Try these activities with children to support their continuing development of reading, writing, and math skills…

  • Find objects around the house that start with any chose letter of the alphabet (Ex: “C” – couch, cat, car, chair, clock) Discuss the phonetic sounds that the chosen letter can make).
  • Find objects around the house that rhyme (Ex: Cat, Hat or Lamp, Stamp or Bed, Red)
  • Identify a few sight words (the, is, are) and have your child circle the words in the newspaper.
  • After grocery shopping, sort foods by colour, size, weight, food group.
  • Sort, count and roll coins.
  • While washing dishes, fill a cup with water and have them guess whether or not the next cup or bowl to be washed will hold the same amount of water.
  • Measure how long a piece of furniture is by counting their “feet” (toe to heel), have them guess if a table is longer or short by their “feet”. (Do the same with perimeter)
  • Cut out sticks and half circles from construction paper and ask your child to create different letters using the shapes (EX: one stick and two half circles make a “B”, or three sticks make an “H”.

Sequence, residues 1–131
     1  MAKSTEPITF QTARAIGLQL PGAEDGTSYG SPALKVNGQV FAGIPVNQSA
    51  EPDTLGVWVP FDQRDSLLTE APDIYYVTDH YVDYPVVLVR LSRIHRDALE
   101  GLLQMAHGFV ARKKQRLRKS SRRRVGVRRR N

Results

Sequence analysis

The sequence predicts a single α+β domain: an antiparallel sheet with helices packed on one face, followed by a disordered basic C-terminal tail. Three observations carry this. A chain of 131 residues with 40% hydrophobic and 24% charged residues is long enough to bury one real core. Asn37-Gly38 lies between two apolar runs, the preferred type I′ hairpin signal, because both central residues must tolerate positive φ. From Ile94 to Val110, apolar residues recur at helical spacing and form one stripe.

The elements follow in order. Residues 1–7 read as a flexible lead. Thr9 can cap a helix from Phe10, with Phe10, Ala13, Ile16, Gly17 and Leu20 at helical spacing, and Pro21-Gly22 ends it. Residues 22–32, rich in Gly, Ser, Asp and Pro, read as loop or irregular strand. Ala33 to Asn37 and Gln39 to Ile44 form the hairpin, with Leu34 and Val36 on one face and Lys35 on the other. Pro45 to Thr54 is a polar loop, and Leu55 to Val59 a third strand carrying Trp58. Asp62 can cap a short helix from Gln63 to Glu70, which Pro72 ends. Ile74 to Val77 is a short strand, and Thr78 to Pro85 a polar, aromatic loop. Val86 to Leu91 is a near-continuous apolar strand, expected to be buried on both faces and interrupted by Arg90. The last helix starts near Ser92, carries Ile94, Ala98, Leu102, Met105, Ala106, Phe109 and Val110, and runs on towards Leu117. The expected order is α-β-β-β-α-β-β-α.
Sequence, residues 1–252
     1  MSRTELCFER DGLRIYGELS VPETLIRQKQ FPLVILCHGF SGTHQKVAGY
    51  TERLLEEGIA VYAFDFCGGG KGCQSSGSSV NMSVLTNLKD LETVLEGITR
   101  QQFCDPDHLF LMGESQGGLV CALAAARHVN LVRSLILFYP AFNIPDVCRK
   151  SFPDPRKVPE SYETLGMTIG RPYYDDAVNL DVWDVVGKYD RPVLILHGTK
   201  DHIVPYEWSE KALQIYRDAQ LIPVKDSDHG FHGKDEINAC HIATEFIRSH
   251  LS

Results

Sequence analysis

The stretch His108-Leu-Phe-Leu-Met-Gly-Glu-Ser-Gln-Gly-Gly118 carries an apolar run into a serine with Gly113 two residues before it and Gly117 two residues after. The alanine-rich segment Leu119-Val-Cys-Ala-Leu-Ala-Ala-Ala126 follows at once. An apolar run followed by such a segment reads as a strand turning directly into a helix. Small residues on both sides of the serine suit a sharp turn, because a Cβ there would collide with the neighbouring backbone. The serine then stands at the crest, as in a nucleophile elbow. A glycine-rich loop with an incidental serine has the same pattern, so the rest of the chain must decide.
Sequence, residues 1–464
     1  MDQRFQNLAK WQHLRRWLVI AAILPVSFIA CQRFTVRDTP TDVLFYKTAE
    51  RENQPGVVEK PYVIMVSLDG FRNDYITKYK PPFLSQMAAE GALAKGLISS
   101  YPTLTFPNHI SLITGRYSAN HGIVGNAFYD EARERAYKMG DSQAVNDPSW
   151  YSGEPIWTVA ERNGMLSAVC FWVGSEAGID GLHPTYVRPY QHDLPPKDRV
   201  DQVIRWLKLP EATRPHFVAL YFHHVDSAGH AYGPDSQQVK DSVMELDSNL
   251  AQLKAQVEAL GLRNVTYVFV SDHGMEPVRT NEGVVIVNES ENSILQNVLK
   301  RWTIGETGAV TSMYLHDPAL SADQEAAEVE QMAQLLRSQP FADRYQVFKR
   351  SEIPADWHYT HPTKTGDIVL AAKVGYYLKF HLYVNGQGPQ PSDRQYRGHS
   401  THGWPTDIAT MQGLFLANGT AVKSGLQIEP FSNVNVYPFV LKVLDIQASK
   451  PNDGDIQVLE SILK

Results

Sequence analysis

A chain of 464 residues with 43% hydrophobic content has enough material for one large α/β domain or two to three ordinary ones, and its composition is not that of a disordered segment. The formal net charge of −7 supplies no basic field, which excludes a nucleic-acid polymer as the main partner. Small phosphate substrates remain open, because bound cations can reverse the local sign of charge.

• Read with your child everyday.  Ask questions such as, “How would you feel if you were this character? Is it fair that ‘this’ is happening the character? Why or why not? What is your favourite part of the book and why?)
  • Count the days on the calendar. Ask questions like, “How many days until the end of the month?”

New Look

29 Sep

Change is good and I hope you like the new look!
Please take a look at the new website as well @ http://www.idealisticeducator.com

One Year Gone

10 Sep

It was one year today that Gavin and Zachery Marengeur were tragically taken from us. My thoughts are with the Marengeur Family and all of the students from Banting Memorial who loved him so much. Many of those students are going into their first year of University, and it hurts to know that Gavin would have enjoying the same luxury as his peers. He was planning on going to University for theatre arts.
Today is a reminder of how grateful we all should be for the lives we live and people who love us. To the Banting students, I hope you make the most of this new post-secondary experience and that you stay safe.